Kmart's "Ship My Pants" Ad: Viral Genius or Epic Brand Fail?

Editor's Note: This post was also featured on Ragan's PR Daily and CommPRO.Biz

By every metric of our social media marketing age, the Kmart 35-second spot, "Ship My Pants," is a monster success – more than 15 million views of the scatological sensation on YouTube, with 64,423 likes and 13,000 YouTube comments for an online spot that shows shoppers exulting that they can finally "ship" their pants.

Here's the spot in all of its glory:

With a staggering 1,689,000 Facebook shares and 31,684 Twitter shares, many using the branded #ShipMyPants hashtag, "Ship My Pants" is now the 37th most shared ad of all time, says tracking service Unruly Media. And this was all before any TV broadcast of the Kmart spot. Holy ship, what’s not to love?

Immaculately cast, scripted and directed, "Ship My Pants" was also well-optimized on YouTube with a direct link to Kmart's Web page. Public relations outreach was managed flawlessly, with Kmart's ad featured in a Today show segment, along with mentions in Forbes, CNN, ABC News and USA Today. Yes, I laughed uproariously when I first saw it, and shared "Ship My Pants"with friends who get fiendish pleasure out of viral vulgarity. Best of all, the conservative protest group One Million Moms demanded that Kmart take the ad "off the air immediately" (even though it’s technically not yet on the air at all), calling the retailer’s spot "disgusting" and "ridiculous." Given the ire of One Million Moms, I figure Kmart must be doing something right.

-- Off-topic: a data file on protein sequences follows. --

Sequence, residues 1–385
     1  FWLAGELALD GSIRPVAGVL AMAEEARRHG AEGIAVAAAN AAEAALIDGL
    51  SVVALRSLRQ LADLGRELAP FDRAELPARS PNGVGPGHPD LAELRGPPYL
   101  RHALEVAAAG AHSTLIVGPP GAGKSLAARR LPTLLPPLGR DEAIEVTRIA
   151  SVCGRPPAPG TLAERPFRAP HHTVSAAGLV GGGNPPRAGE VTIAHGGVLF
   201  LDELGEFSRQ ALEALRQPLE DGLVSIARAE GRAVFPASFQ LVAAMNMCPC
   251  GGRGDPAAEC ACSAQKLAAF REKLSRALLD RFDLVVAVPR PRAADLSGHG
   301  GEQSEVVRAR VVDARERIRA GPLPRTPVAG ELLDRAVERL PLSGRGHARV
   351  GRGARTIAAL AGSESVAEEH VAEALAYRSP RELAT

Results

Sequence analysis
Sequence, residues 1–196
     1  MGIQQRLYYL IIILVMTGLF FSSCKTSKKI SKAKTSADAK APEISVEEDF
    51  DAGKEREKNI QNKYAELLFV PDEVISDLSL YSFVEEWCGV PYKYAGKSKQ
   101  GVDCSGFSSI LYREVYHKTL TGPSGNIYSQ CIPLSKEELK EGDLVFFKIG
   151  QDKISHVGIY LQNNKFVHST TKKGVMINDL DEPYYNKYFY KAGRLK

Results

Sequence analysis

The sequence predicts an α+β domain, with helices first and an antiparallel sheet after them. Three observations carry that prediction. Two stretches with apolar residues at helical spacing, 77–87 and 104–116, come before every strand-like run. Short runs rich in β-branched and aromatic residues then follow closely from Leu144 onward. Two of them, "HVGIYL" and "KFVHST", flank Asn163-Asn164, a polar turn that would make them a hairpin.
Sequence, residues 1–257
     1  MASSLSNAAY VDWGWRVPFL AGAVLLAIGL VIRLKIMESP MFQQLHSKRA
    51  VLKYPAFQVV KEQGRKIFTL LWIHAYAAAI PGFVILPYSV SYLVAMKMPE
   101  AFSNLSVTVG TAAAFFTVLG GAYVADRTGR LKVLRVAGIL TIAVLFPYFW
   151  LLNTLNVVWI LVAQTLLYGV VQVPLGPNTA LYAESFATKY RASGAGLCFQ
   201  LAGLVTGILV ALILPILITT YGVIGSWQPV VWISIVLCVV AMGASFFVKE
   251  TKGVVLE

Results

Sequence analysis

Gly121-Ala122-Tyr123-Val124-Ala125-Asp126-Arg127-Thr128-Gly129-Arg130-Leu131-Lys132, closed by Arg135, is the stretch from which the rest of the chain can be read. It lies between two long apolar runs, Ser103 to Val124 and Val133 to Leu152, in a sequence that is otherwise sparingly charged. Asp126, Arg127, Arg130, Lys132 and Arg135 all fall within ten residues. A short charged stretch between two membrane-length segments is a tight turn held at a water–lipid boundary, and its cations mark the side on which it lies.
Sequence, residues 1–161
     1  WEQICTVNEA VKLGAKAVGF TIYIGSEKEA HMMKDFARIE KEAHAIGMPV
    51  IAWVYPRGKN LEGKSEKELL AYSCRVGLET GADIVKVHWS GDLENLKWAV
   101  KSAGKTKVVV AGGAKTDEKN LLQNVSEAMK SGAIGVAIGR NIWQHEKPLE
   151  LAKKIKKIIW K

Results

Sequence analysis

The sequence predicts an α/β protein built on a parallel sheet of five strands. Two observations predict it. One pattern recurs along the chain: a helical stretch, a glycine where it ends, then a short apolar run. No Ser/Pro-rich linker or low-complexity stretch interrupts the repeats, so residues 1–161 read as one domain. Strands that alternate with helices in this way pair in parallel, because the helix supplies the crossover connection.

Bravo to Kmart's Ad Agency

I'm happy for ad agency Draftfcb Chicago, which is going to collect gold awards by the swollen bagful and deservedly so. The agency was charged with the nearly impossible task of creating a spot that would get consumers talking about Ship Your Way home service when items weren’t available in a Kmart store.

Think about that for a moment: Kmart wanted its agency to promote, in Kmart's words, "an innovative service offering: order in store and ship it home. Essentially, that means if Kmart’s stores disappoint a brick-and-mortar customer with out-of-stock merchandise, the consumer can still give Kmart their money and the product will be shipped to them – as if they had just gone online in the first place. Given that original marketing challenge, agency Draftfcb should get a Clio, Emmy, Grammy, Oscar and a Nobel Prize for concocting a video that transforms Kmart’s failure to keep a product in stock into the subject of the most talked-about retail YouTube clip of the season.

But, the burning, itching question remains: Is associating your retail brand with rectal incontinence a wise marketing strategy? Will millions of social shares of an online spot translate into actual Web traffic and sales revenue? And, most importantly, will Kmart’s target audience of Martha Stewart-loving, discount-hungry Moms be more likely to shop Kmart because of a video that equates the chain's 1,300 or so stores with uncontrollable bodily functions?

Differentiating the Kmart Brand